The crossing is the open-water stretch between the eastern part of Florida’s panhandle down to the Tampa Bay area, with our destination being Clearwater. The currents in the Gulf drive northeast into that bend of land creating a significant area of shallow water (10 miles offshore can be as shallow as 6 feet) which makes hugging the shore a tricky task. The crossing cuts 160 miles straight across the gulf, approximately 50 miles offshore, which for us at 7.5 knots (8.6 MPH) was a 21-hour trip. The weather, and specifically the wave action, is, of course, the key to a smooth crossing. And arrival should be timed with good light to see the many crab trap floats in the area just before Clearwater (just asking to get caught in your prop).
We hired a captain, Harold, to make the crossing with us due to our lack of experience with the boat in open water and because we wanted 2 people awake at all times. According to Harold and a couple of other weather forecasts, a Sunday night/Monday morning crossing looked good. But as with most weather forecasts, it was only a partial representation of reality.
We left Carrabelle at 4:30 PM in relatively calm seas with about one-foot swells and slightly over half a moon already high in the sky and Blue Ghost II a quarter mile off our starboard stern. After the sun went down, it got almost glassy still, until the wind came up again. The seas built up until we were in 2 to 3 foot seas with whitecapped waves on top of the swells. It got so rough that at one point, Paula had to scoot on her rear across the flybridge floor to get to the steps to go down below. For a period of about 3 hours, we slowed down as Blue Ghost II was uncomfortable in the sea conditions. By the time the sun came back up, things calmed down and we arrived at Clearwater in almost calm seas. We had a sparkling grape juice toast with Blue Ghost’s crew to celebrate our safe crossing. During the night, we each got just a few hours sleep.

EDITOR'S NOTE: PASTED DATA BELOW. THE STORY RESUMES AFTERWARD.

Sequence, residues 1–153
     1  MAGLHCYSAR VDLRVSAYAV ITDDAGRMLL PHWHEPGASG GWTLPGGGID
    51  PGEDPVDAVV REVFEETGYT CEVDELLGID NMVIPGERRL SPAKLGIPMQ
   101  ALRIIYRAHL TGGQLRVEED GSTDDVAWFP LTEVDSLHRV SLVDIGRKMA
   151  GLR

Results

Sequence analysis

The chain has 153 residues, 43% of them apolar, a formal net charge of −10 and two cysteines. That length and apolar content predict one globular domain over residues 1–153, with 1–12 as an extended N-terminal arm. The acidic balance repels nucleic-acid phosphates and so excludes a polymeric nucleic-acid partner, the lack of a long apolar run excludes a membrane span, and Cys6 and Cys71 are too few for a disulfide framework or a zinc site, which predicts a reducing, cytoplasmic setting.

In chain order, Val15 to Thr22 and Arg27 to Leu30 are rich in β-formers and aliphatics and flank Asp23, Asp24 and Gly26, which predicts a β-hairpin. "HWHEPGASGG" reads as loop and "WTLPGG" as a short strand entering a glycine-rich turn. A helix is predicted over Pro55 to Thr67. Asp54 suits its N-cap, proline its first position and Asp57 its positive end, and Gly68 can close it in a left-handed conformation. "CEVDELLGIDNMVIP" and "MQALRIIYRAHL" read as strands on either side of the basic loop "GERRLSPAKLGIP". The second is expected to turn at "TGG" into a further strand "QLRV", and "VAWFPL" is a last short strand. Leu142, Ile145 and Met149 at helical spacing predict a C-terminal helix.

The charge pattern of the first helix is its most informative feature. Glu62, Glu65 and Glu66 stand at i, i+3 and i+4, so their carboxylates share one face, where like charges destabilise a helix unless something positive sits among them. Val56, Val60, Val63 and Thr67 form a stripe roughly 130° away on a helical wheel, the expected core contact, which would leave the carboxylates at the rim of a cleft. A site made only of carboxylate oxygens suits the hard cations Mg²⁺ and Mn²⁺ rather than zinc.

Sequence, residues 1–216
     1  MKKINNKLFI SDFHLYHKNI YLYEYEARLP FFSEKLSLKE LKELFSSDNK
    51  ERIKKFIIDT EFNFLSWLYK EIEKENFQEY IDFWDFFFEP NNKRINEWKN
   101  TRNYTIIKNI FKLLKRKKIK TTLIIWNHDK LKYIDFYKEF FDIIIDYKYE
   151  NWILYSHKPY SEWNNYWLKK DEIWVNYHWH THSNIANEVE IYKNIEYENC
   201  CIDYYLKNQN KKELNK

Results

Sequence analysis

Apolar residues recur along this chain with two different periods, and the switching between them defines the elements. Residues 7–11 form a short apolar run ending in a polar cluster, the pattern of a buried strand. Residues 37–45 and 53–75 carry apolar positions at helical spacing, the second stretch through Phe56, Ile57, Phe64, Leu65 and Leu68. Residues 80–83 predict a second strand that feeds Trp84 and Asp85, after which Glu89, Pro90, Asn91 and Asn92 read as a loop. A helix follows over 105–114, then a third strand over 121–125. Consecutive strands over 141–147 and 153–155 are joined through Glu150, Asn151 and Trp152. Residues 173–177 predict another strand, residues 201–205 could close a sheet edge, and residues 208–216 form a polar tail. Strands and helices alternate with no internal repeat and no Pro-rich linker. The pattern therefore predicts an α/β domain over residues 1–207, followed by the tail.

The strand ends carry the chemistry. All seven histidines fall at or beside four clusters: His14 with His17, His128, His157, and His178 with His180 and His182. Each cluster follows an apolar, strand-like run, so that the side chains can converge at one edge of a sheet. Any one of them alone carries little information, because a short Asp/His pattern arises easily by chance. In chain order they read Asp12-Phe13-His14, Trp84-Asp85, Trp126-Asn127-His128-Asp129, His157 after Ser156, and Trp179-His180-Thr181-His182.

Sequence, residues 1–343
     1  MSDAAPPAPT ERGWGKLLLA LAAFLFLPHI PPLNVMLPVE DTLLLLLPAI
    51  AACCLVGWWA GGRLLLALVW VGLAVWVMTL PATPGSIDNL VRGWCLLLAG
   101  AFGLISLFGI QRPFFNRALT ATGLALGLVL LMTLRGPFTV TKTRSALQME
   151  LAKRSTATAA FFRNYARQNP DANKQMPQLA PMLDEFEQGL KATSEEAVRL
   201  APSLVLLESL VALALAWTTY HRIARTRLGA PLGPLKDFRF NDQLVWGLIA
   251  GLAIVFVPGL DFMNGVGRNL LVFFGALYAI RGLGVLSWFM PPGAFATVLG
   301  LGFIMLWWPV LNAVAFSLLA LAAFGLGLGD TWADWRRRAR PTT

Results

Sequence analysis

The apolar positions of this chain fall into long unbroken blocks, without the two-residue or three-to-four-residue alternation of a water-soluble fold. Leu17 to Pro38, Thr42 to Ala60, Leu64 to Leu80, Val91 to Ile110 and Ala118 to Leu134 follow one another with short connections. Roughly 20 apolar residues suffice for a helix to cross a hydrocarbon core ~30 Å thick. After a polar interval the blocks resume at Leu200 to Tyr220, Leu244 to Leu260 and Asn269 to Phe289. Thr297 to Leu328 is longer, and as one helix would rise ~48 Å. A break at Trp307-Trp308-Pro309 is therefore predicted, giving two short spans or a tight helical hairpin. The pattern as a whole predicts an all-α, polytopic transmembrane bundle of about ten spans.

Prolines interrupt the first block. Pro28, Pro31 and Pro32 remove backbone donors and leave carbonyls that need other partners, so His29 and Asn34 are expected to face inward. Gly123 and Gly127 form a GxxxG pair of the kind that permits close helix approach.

Tom rushed Paula to the airport for a 5:30 PM flight to Phoenix and upon his return to the boat, went to dinner with Flack and Steve, the owners of Blue Ghost II.
3/31/15 – Part of the deal with hiring a captain to assist with the crossing, which is not at all uncommon, is getting them back to Carrabelle. They can rent a car and drop it off in Tallahassee (60 miles north of Carrabelle) and hire someone to take them back to Carrabelle. Or you can rent a car and drive them back yourself, a 6.5 -hour drive one-way. Fortunately Harold’s wife was willing to meet us partway, so Tom drove Harold and the guys from Blue Ghost II (whose cars were also in Carrabelle) to a gas station 5 hours from Clearwater, then turned around and drove back to the boat, providing him with a fun 10 hours of driving (but saving a considerable amount of money).
4/1/15 – Before heading home, Tom decided to install the new faucet in the aft head sink. All went well until he returned to the boat from the hardware store and found that one of the parts he bought was mismarked and did not fit. But he found a temporary fix to allow him to take a shower before heading to the airport, with the project half-done and awaiting completion upon our return.
Overall the crossing was a good experience and we are getting more comfortable with the boat and its systems. And Lord willing, the list from this point on will remain short.